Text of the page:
I don’t think I’d agree with the remark that the government didn’t look this rightwing from the start. I think that was an illusion about Clegg and the Orange book LibDems, and perhaps even about Cameron, that some of the British centre-left allowed themselves to indulge in, culminating of course in the Guardian’s deluded and foolish call for progressives to vote LibDem. Hobsbawm calls for the Labour Party to concentrate on defending public services from cradle to the grave, and pointing to improvements it made in power. In other words, to move further to the left than Ed Miliband has positioned it so far.

Hunt points out that Hobsbawm’s book’s final paragraph notes that

the supersession of capitalism still sounds plausible to me

. Hobsbawm’s response suggests that he believes a move to socialism unlikely, but that he thinks the neo-liberal era may well be left in the past.

The record of Karl Marx, an unarmed prophet inspiring major changes, is undeniable. I’m quite deliberately not saying that there are any equivalent prospects now. What I’m saying now is that the basic problems of the 21st century would require solutions that neither the pure market, nor pure liberal democracy can adequately deal with. And to that extent, a different combination, a different mix of public and private, of state action and control and freedom would have to be worked out.

What you will call that, I don’t know. But it may well no longer be capitalism, certainly not in the sense in which we have known it in this country and the United States.

In a sense then, there’s not a lot new in this interview, and probably not a lot new in terms of Hobsbawm’s views on contemporary politics, as noted by the Telegraph review. I suspect that for the CLR audience, those of us who read it will find the more historical, philosophical or interpretive reflections on Marx and his followers as being of more interest than Hobsbawm’s political message, which seems perhaps unduly limited and perhaps defeatist.

Keep you’re head down and keep running

December 8, 2010

Sometimes, life is cruel

The Big Society: A Recipe for Disaster?

November 30, 2010

The Tories – and their Lib Dem lapdogs – are seeking to return the UK to the Victorian age: except without the workhouse, which would cost too much in their eyes. So we see the idea that the state can be rolled back, and replaced with private charities. Obviously not all charities are as badly run as this one, but it is an example of what can happen when you run things on a private basis, even with the best of intentions. The state must keep doing what only it can do reliably. We must protect the welfare state against the ConDem onslaught.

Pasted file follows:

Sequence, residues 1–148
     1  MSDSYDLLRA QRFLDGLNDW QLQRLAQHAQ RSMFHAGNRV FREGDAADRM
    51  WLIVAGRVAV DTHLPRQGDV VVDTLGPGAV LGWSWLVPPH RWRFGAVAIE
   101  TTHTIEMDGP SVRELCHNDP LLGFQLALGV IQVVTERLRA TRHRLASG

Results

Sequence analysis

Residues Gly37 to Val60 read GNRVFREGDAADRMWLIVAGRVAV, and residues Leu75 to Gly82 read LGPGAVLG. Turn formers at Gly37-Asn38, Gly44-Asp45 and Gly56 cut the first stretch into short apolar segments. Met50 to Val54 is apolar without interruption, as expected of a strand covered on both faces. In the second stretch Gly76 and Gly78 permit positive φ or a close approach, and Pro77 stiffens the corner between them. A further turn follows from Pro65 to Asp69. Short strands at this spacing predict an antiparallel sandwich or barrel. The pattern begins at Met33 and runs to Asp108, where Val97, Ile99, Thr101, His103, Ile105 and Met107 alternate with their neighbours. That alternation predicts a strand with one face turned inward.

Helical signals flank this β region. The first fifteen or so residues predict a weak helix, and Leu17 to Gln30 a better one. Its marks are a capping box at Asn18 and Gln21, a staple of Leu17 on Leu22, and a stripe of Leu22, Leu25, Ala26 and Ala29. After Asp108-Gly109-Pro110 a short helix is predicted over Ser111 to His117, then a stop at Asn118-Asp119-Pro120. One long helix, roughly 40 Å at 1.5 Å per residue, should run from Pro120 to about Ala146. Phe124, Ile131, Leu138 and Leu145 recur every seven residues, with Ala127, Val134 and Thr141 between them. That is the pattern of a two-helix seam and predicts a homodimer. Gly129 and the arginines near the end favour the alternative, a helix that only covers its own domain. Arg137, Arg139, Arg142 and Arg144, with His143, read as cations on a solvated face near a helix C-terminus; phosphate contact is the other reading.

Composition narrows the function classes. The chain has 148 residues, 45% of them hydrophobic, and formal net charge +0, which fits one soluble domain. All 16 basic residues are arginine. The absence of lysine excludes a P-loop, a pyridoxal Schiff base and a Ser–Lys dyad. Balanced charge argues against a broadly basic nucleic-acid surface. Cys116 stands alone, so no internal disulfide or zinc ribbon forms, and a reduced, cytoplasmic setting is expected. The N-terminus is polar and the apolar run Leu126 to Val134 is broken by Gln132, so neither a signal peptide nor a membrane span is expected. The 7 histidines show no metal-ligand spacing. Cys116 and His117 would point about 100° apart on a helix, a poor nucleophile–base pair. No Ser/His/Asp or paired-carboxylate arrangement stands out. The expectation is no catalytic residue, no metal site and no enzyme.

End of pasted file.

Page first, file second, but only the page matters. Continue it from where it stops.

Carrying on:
My Kind of Bishop

November 23, 2010

Having avoided the obvious gag in the headline, I would like to record how impressed I am by the Anglican Bishop of Willesden (wherever the hell that is), Pete Broadbent, who took great delight in having a go at all the hype about the announcement that some sinecure having RAF officer is to marry some wee girl who he partly wooed by going for a joyride in public property to her house, namely a Chinook. Try going up to Aldegrove to get a Chinook to impress your girlfriend and see how far that gets you.

Anyway, the Bishop outed himself as a republican on his facebook page, which I can’t find.

He wrote: “Need to work out what date in the spring or summer I should be booking my republican day trip to France.”
He went on to say: “I think we need a party in Calais for all good republicans who can’t stand the nauseating tosh that surrounds this event.

“I managed to avoid the last disaster in slow motion between Big Ears and the Porcelain Doll, and hope to avoid this one too.”
He said the wedding should belong to the family, as opposed to becoming “national flim-flam” paid for by tax payers. And he criticised the media for descending into “fawning deferential nonsense”.

I hope he remembers to invite the rest of us to his party. Sounds perfect.

As for the media reaction and his apology, entirely predictable. But fair play to him in the first place.

November 19th – 212th Anniversary of Wolfe Tone’s Death

November 19, 2010

The following is a statement by The Workers’ Party on the current situation in the Republic on the anniversary of Theobald Wolfe Tone’s death.

Theobald Wolfe Tone, the father of anti-sectarian Irish Republicanism, died on the 19th November 1798. Today (Friday) is his 212th anniversary.